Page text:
As Manchester University political scientist, Rosaleen Duffy, recently commented, "Rather than focusing on poverty as a driver of poaching, we need to look at wealth. Poachers are servicing markets in the wealthy world, in this case in East Asia".
Back in 1988 Joyce Poole and Cynthia Moss helped to initiate a highly successful media campaign, whose slogan was, "Only Elephants Should Wear Ivory". Joyce travelled to Japan and Hong Kong, then the primary markets for ivory, and spoke to ivory carvers and merchants and government authorities. The public awareness campaign and Kenya's highly publicised burning of 12 tons of ivory captured the world's attention. Demand for ivory plummeted and the market collapsed. The killing of elephants all but stopped - for a few years.
Due to rapidly increasing human populations everywhere, elephants have been pushed into smaller and smaller spaces, and it is certainly true that this has led to conflict between people and elephants in many areas. In the mid 1990s the media began putting out a simplified massage: "there are too many elephants". The indirect message was - the elephants have recovered, it's OK to buy ivory again. Many African countries began playing the "poverty card" claiming that elephants were exacerbating poverty and that the sale of ivory would help people. The result? A resurge in the demand for ivory. It began slowly and has gathered pace.
And now? It's wide-spread elephanticide once more. But this time there is a new and uneducated market. The explosion of wealth in China is a driving force behind the increased demand for ivory and the rising slaughter of elephants. And, with ivory available, there are willing buyers all over the world. This is why YOU can make a difference. It is not about stopping poachers in the bush, but about stopping buyers in the towns. We urge all of you to use your voice to help us to get the message out. Especially those of you with a network in China and Eastern Asia - help us by translating our posts into Chinese, Japanese. Use your own network to pass the message on; influence anyone who might be tempted to buy ivory, or who might have any say in how your country votes on elephants at CITES. We won a victory in Doha in March this year, but the struggle for elephants survival will continue.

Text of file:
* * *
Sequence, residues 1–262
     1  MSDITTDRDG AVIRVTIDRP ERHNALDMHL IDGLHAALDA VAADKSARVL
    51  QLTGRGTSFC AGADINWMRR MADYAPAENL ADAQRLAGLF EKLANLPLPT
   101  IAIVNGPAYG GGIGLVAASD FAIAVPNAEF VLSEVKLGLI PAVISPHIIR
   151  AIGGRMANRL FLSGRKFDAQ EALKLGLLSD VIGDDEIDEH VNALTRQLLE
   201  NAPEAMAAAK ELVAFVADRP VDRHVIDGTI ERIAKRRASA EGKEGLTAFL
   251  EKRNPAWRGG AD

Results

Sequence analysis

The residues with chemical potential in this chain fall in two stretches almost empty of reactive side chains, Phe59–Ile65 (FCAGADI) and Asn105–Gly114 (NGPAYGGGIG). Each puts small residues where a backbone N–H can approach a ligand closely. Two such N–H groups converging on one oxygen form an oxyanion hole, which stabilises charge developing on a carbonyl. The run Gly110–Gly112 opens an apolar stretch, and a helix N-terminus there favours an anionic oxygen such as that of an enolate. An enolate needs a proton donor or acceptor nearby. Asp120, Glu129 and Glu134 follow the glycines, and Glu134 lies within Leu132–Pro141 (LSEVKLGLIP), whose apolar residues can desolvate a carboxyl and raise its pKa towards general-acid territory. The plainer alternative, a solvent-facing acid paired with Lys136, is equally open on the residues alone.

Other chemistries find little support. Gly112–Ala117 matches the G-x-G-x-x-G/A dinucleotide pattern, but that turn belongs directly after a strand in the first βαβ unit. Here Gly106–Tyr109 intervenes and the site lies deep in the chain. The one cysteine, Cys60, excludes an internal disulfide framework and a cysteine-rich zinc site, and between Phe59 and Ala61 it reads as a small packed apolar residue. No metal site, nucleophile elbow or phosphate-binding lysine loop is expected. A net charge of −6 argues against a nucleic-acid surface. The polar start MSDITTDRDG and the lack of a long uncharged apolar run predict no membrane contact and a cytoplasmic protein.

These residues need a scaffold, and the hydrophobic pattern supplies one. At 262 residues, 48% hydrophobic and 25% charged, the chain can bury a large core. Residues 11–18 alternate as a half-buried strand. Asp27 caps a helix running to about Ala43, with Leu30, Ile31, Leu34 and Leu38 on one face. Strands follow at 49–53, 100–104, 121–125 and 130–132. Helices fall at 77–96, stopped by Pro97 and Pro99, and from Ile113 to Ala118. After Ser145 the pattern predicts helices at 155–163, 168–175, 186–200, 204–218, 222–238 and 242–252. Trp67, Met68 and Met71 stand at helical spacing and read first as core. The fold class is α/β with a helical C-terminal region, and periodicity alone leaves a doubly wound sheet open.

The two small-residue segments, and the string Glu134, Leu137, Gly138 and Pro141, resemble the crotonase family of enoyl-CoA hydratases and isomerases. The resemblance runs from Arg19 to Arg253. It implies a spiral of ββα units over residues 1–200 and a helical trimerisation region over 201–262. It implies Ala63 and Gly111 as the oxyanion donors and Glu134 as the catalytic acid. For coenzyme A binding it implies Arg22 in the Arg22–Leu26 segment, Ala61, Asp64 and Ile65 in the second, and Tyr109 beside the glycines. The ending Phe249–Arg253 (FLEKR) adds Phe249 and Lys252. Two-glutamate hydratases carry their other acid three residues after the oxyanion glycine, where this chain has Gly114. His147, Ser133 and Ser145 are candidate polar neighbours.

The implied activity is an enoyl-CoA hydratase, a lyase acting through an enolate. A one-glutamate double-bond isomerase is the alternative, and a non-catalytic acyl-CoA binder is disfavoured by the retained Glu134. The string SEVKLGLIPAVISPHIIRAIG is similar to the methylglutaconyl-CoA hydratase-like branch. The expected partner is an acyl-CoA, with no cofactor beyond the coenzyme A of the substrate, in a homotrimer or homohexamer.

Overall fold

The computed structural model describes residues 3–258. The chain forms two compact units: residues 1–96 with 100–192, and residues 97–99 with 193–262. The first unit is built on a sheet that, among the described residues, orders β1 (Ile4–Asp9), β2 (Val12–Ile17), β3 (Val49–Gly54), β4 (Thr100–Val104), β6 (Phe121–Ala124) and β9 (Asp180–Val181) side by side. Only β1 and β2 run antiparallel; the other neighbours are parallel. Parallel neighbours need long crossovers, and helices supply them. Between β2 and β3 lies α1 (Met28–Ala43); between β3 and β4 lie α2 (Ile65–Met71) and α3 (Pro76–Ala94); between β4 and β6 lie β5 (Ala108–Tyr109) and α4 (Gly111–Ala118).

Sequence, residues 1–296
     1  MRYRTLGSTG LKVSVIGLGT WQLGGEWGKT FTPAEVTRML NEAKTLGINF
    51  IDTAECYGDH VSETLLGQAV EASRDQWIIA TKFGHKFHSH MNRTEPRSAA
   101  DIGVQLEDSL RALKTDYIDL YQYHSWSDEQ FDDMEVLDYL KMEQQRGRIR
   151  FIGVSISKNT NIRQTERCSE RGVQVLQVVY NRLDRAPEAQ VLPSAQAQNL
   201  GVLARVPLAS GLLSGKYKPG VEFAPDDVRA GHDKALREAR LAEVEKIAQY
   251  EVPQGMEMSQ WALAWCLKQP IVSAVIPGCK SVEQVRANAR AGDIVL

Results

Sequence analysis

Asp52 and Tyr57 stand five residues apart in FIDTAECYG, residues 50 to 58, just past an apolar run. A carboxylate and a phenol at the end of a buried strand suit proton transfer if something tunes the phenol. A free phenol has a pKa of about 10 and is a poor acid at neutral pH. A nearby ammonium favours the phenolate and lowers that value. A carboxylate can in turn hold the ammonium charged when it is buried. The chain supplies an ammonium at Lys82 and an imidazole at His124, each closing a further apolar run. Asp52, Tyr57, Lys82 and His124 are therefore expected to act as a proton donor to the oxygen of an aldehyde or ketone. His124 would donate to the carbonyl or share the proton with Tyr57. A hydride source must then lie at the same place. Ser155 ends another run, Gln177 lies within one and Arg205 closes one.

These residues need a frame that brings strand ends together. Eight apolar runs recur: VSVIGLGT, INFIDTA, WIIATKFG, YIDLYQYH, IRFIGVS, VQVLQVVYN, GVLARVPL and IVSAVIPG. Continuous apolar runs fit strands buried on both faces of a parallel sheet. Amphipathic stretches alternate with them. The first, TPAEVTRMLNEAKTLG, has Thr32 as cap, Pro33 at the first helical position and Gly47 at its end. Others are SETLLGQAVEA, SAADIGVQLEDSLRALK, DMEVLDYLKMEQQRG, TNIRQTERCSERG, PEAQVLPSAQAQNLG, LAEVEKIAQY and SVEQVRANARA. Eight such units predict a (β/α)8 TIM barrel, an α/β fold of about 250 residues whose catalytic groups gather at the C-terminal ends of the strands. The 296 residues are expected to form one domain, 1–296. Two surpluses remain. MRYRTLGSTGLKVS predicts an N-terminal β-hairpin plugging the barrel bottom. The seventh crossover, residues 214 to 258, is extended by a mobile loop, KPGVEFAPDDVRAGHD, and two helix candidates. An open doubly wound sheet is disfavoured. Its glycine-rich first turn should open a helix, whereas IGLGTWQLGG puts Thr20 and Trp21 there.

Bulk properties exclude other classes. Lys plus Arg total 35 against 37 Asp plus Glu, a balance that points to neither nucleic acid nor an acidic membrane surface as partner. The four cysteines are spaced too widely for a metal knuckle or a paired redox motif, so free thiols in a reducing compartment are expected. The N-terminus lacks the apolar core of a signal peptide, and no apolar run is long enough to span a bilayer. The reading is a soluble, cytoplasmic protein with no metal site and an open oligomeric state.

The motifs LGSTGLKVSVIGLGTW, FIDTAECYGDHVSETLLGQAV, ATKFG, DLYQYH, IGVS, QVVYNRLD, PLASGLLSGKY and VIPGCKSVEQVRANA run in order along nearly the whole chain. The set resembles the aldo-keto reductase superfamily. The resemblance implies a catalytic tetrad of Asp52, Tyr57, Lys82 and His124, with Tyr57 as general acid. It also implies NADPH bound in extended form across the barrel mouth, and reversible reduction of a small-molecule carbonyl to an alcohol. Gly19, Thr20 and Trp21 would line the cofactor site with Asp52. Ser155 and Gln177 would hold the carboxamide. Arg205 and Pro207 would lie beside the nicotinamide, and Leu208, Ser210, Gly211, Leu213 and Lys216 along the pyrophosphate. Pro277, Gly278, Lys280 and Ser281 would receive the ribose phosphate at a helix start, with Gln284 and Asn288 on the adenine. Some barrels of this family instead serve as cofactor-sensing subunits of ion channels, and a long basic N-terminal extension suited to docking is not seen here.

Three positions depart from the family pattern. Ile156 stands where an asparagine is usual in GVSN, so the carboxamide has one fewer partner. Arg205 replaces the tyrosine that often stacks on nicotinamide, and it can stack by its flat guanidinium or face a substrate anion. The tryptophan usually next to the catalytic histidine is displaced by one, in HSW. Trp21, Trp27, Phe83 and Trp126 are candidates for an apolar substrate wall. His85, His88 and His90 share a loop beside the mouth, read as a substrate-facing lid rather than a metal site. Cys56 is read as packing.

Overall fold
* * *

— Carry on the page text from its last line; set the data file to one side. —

Together our voices can put an end to the killing of elephants for their tusks.
The ivory trade - It's SO much more than numbers.......
Wildlife managers, conservationists, and those who argue for keeping a vibrant trade in ivory, like to talk numbers. How many tons of ivory can elephants produce through natural mortality? How much money can be made from the sale of ivory? How many tons are held in ivory stockpiles? How many elephants are killed to supply the illegal market? Are elephant numbers increasing or decreasing in this country or that?
But very few of these experts talk about what these numbers mean to the survival and well being of individual elephants. The welfare implications to these individual building block of societies are not even acknowledged as people, organisations and nations barter away lives at international conferences.
More than 1,5 tonnes of ivory shipped from Tanzania was recently seized in Hong Kong. DNA will confirm which populations were mined by the killers attempting to satisfy the growing Asian market. An editorial from the 11th September edition of the Tanzanian newspaper, The Citizen, remarks that 11.6 tons of the ivory seized over the last 18 months originated in Tanzania. The article calls on the government to take urgent measures to disassociate the country from trafficking networks.
Eleven and a half tons is only the tip of the iceberg. Smuggling occurs when there is a fair chance that contraband will reach its destination and figures suggest that only 10-15% of shipments are detected. The true figure is likely to be more like 116 tons.
One ton of ivory = 135 dead elephants and much, much more...
Males with big tusks killed = skewed sex ratios
Elephant with big tusks killed = Loss of older, experienced members of society
Mothers killed = catastrophic for lifetime survival and well being of her calves
Matriarchs killed = compromised survival of remaining members